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The new austerity agenda: What lawmakers failed to learn from the Great Depression

As we reflect on the 50 years since President Johnson waged a “War on Poverty,” it is important to also examine our public policy response to the more recent economic downturn that pushed many more Americans into poverty. The historic job loss of the Great Recession created a hardship deeper and more widespread than any previous modern recession, and recalled for many the Great Depression.

Yet policymakers’ response to growing poverty and countless struggling families across the U.S. was largely opposite that of the lessons learned from previous downturns.  Instead of pursuing robust stimulus spending to support struggling families or supporting job creation directly, policymakers opted for austerity.

Austerity is largely a term used to refer to European responses to the Great Recession but the American response took much the same tact. Policymakers dismantled investments in tools that have proven they can ameliorate families’ struggles for their most basic needs and maintain economic activity while the private sector recovers.  Austerity came to the United States in the form of lower-than-needed stimulus spending and spending cuts. Most recently, sequestration reduced government spending dramatically at a time when demand for services is high and the private sector has only reluctantly created jobs.

If lawmakers hadn’t chosen austerity, the U.S. could have added more than 8 million jobs since 2010 by investing in infrastructure, education, scientific research, and job training. Such investments would have bolstered the economy and helped nurture a growing middle class.

Instead, the growing divide between wealthy corporations and middle- and low-income families further show how little our lawmakers have learned from history. During the Great Depression, policymakers recognized that part of the economic challenge facing the country was growing inequality and a segment of the population and society—wealthy taxpayers and profitable corporations—that was wholly uninvested in the plight of their neighbors.

The corporate income tax was born in 1935 largely as a tool to ensure that business was contributing to the public infrastructure that supported their workers and operations, as well as provided some protection against another depression.  Yet here we are again, this time with an austerity agenda that fails to recognize the ways in which corporations avoid paying taxes and, worse yet, includes genuine proposals for reducing corporate income taxes.

Closing corporate tax loopholes would provide much-needed revenue to support our state’s economic recovery with no effect on the job creation potential of corporations. The Stop Tax Haven Abuse Act would be instrumental in replacing budget sequester cuts. The bill would raise at least $220 billion over the next decade by closing corporate tax loopholes that enable multinationals to shield their offshore profits from taxation. It also takes away an incentive to export jobs overseas, and levels the playing field between large, multinational corporations and American small businesses that pay their fair share in taxes.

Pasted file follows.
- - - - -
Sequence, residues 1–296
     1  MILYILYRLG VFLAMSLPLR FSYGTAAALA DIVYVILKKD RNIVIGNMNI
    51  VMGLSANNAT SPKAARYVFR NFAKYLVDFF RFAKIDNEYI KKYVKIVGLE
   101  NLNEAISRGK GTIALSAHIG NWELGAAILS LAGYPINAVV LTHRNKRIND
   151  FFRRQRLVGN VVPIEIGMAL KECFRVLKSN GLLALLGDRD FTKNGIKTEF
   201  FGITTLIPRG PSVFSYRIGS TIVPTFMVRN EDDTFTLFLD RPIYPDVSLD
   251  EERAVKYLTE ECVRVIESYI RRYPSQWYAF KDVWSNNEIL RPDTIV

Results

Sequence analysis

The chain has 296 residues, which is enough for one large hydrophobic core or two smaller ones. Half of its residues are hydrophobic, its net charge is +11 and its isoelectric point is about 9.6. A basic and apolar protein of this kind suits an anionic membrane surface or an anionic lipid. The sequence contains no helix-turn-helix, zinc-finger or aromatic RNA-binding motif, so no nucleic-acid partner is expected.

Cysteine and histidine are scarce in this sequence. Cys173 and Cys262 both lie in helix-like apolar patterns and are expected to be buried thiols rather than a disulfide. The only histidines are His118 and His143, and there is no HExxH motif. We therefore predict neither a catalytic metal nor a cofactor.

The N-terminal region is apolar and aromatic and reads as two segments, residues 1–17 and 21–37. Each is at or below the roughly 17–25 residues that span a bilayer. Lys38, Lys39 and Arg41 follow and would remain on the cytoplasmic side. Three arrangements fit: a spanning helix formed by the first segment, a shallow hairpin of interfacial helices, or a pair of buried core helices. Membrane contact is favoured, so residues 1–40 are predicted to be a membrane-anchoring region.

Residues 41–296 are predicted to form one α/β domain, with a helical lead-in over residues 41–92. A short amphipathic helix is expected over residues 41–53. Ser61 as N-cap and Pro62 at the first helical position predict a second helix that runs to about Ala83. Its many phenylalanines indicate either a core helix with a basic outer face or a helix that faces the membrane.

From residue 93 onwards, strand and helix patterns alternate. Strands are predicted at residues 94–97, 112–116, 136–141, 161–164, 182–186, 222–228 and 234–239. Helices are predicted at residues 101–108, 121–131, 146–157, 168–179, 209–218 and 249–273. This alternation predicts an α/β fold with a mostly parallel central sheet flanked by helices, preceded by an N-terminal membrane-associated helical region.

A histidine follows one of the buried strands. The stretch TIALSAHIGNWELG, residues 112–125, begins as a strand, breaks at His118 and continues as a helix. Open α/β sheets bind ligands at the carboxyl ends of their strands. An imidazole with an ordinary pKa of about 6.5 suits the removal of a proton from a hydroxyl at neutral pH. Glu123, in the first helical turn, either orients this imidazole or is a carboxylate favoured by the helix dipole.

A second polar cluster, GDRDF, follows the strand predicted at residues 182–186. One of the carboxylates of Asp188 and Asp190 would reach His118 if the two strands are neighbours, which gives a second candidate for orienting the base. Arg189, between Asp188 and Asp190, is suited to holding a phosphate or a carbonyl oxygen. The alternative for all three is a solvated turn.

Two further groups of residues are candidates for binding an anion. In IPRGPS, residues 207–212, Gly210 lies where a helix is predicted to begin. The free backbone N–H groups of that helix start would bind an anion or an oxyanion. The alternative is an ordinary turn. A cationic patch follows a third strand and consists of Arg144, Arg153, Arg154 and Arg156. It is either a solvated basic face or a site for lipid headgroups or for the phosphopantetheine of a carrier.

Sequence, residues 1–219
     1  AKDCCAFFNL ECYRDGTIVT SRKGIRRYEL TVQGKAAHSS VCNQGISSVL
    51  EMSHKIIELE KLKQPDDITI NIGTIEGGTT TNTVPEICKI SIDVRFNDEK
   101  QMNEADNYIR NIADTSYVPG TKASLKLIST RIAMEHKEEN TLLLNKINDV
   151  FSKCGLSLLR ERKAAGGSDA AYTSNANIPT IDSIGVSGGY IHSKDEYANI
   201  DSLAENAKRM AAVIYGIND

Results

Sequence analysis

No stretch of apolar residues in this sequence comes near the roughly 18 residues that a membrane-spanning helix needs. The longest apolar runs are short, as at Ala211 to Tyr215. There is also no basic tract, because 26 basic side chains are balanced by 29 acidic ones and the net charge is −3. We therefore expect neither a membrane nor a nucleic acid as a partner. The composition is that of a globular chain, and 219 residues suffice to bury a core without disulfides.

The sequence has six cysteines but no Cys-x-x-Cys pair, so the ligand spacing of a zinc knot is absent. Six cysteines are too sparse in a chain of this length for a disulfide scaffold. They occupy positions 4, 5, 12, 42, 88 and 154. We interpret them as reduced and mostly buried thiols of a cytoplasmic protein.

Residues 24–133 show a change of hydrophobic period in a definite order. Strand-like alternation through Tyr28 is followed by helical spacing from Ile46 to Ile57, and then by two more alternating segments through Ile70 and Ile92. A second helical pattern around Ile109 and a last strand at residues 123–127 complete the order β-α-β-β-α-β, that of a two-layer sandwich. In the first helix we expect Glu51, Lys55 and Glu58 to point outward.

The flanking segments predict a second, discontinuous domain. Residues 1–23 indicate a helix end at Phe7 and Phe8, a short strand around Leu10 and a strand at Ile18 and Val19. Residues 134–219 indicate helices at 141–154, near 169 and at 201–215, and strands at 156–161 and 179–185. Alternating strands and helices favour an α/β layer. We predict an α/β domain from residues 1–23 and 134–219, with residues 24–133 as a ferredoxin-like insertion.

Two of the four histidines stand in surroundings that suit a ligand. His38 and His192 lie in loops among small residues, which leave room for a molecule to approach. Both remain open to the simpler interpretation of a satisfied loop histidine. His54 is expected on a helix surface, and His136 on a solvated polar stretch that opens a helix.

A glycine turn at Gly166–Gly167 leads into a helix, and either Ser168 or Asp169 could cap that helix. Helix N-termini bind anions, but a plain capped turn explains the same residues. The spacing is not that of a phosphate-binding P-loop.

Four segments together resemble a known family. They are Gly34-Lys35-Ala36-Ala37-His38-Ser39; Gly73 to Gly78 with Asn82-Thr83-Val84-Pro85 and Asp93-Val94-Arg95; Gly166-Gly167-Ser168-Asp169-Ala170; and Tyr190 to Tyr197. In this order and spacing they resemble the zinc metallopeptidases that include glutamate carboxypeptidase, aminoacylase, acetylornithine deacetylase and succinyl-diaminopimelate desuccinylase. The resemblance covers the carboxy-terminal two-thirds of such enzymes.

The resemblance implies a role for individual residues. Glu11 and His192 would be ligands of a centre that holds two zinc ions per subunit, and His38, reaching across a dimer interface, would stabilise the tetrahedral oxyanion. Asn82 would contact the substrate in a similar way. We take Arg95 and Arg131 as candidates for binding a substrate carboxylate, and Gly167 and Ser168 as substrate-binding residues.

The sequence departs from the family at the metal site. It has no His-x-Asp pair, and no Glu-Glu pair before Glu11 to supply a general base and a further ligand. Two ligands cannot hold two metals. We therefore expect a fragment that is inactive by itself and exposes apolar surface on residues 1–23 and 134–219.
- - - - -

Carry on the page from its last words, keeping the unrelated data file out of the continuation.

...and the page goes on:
Instead of making cuts and falling back on antiquated means of austerity, it’s time for our lawmakers to advance policies such as the Stop Haven Abuse Act that will help close corporate loopholes as well as ensure equity to all taxpayers, save American jobs, and allow us to invest in a growing economy.

4 Comments

  1. Frances Jenkins

    January 23, 2014 at 6:14 pm

    More people have entered into poverty since 2008 than ever. I hope Barber will be protesting the policies of Obama in 15 days that have resulted in the highest unemployment rate among African Americas, highest rate of unemployment among the youth and more people added to the poverty rolls. Shame, Shame for Obama!!!!!!

  2. Alan Crighton

    January 23, 2014 at 9:15 pm

    Frances,

    Your comments get wackier every timeI see you posts. Perhaps you should take a look at the significant income redistribution that has taken place in this country leaving more and more in poverty, thanks to regressive GOP policies over the years. It has nothing to do with Obama. Since when has the GOP cared about the unemployed and those in poverty (especially minorities)??? Shame, Shame on Frances and the rest of the Civitas hypocrites!!!!

  3. Jack

    January 24, 2014 at 4:47 pm

    The target of the austerity agenda are minorities and those without a political voice.

    The GOP doesn’t care about the toll they are taking on the American people only the toll they can charge the American people. One toll they’ve increased is that of income tax. Why should the wealthy pay their fair share when the GOP can make the middle- and low-income families of America pay their tab.

    The GOP is always asking if the Founding Fathers envisioned this or that. Well, the question to the GOP on the issue of economic warfare is: Is economic warfare on the people what the Founding Fathers envisioned from the government they founded?

  4. LayintheSmakDown

    January 27, 2014 at 5:52 pm

    Jack, that is where you are wrong. The middle class is always the target of anything the government gets involved in. The poor will continue to get their government perks because they are “entitled” and nothing DC does can touch them. The rich are always going to be ok as a group. It is the middle class as usual who will shoulder the burdens, and need austerity because they will never be able to pay for the mounting burdens